Our culture makes us perceive a hermitage in terms of natural images - places located away from civilisation, in majestic natural scenery. No wonder - such surroundings are ideal for spiritual practices and allow individuals to look at themselves from a different perspective, from a distance.
In his photographic series entitled the HERMITAGE / PUSTELNIA, Mateusz Torbus redefines the popular meaning of a hermitage. He takes us to an urbanised landscape, additionally locking it within narrow frames of architectural narrations. Fragments of buildings, severed from a lifeless sky, hardly make it possible for the viewer to guess their function. Abstract and aesthetically “processed”, they lose their primary meaning. But do they acquire a new one?
The HERMITAGE / PUSTELNIA turns out to be a multi-layered project. We look at compositions, well thought out, yet not aggressive, simple, yet not trivial. They stir up an emotion similar to that which we experience on rediscovering a well-known image.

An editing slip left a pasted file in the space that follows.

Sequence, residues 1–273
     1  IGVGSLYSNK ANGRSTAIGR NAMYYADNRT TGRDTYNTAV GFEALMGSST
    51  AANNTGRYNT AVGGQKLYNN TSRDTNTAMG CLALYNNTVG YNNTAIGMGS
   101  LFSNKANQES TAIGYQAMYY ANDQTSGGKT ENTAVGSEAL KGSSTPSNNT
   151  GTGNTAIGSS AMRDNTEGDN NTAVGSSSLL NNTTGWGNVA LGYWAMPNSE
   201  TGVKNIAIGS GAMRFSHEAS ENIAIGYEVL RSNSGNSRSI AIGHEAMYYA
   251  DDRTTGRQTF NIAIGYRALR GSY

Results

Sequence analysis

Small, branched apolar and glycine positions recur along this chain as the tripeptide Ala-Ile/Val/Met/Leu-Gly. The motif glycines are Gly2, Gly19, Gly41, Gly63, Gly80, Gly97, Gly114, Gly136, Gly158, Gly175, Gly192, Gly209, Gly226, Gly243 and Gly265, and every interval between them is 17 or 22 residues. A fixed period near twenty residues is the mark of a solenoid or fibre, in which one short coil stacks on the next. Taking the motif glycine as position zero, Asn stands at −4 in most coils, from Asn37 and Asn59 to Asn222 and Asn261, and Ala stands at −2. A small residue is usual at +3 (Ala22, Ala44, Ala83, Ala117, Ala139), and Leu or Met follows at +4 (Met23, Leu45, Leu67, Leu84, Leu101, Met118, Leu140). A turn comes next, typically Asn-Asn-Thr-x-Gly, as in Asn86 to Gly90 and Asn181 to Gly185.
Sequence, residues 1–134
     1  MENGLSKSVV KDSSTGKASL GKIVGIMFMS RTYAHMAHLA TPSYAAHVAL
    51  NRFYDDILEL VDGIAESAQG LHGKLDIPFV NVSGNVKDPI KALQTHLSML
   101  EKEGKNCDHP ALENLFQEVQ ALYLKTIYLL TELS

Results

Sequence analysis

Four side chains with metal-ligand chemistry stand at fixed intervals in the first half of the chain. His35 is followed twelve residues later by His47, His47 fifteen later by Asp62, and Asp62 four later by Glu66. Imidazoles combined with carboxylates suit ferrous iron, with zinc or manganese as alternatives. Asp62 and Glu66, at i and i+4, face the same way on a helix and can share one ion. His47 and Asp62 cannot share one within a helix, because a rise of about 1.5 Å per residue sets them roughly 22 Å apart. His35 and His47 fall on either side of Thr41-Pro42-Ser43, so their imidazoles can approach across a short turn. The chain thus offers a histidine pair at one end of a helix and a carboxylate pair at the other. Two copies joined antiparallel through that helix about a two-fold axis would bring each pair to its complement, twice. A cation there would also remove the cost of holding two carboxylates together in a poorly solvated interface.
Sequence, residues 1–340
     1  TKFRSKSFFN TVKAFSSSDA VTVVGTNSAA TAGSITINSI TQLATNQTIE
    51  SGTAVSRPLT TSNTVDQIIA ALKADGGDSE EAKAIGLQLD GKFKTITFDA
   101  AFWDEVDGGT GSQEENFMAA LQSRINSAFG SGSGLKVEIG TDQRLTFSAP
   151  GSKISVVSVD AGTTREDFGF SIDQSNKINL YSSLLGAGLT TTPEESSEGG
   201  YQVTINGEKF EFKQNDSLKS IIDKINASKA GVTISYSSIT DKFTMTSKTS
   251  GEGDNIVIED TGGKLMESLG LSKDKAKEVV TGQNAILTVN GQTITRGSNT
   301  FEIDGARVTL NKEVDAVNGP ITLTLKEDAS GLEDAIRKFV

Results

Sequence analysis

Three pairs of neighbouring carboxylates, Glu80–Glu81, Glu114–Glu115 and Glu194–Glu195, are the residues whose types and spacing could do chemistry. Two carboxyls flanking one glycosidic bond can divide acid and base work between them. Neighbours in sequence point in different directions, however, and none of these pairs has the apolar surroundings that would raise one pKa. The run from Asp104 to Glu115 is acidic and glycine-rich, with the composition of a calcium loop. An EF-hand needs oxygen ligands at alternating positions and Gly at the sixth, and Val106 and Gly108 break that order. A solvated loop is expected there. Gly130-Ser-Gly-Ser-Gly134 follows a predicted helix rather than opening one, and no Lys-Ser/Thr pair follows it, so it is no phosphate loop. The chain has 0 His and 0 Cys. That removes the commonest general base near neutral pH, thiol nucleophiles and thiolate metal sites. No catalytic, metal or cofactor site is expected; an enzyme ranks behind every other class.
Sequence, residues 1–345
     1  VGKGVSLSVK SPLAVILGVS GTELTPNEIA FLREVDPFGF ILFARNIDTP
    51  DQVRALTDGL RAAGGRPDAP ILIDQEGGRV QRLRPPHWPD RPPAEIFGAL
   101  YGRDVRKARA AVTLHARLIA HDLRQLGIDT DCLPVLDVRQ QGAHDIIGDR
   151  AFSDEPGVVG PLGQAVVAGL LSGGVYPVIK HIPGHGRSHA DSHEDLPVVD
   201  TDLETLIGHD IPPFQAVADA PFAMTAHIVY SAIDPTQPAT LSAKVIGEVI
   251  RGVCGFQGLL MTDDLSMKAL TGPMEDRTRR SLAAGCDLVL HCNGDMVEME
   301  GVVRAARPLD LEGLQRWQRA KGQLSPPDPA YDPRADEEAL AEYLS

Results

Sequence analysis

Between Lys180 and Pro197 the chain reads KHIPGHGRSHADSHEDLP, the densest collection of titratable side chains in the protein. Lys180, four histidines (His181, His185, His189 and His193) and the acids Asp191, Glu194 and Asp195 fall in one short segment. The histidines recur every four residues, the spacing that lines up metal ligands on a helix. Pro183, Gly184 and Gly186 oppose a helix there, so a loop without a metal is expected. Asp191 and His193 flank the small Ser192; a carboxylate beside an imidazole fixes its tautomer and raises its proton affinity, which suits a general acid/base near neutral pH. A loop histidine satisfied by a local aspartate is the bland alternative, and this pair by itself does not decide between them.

If we treat the formal layer of the work as a starting point for further analysis, guided by the hidden meanings underlying the title, we will find the pieces of buildings to be a unique subject of contemplation. This interpretation, which some people might consider too far-fetched when faced with images of stacks, pipes, flights of stairs, grating, metal sheeting and peeling-off paint, seems to be nevertheless appealing. If we, just as the author, take a closer look, if we switch our senses from the quantity of experience to its quality, then perhaps we will manage to see reality in an unknown, revealing light? Perhaps we will see its true face?
The series presents a concrete group of representations - buildings, architecture - human creations which lose their raison d’être, deprived of their social context. The author perversely decides to assign them a new function - that of a retreat. Indeed, aside from the smoke coming out of a stack in one of the pictures, there is not a single trace of human presence. One has an irresistible impression that the symbolic images of hermitage places, asylums of privacy turn into monuments of egotism - miserable retreats of modern humanity.
None of the above interpretations are final, but they are all legitimate. Thanks to the hint provided by title, the author ensures the photographs our full attention, allows us to look into his own hermitage, but above all entices us to reflect on the images that surround us.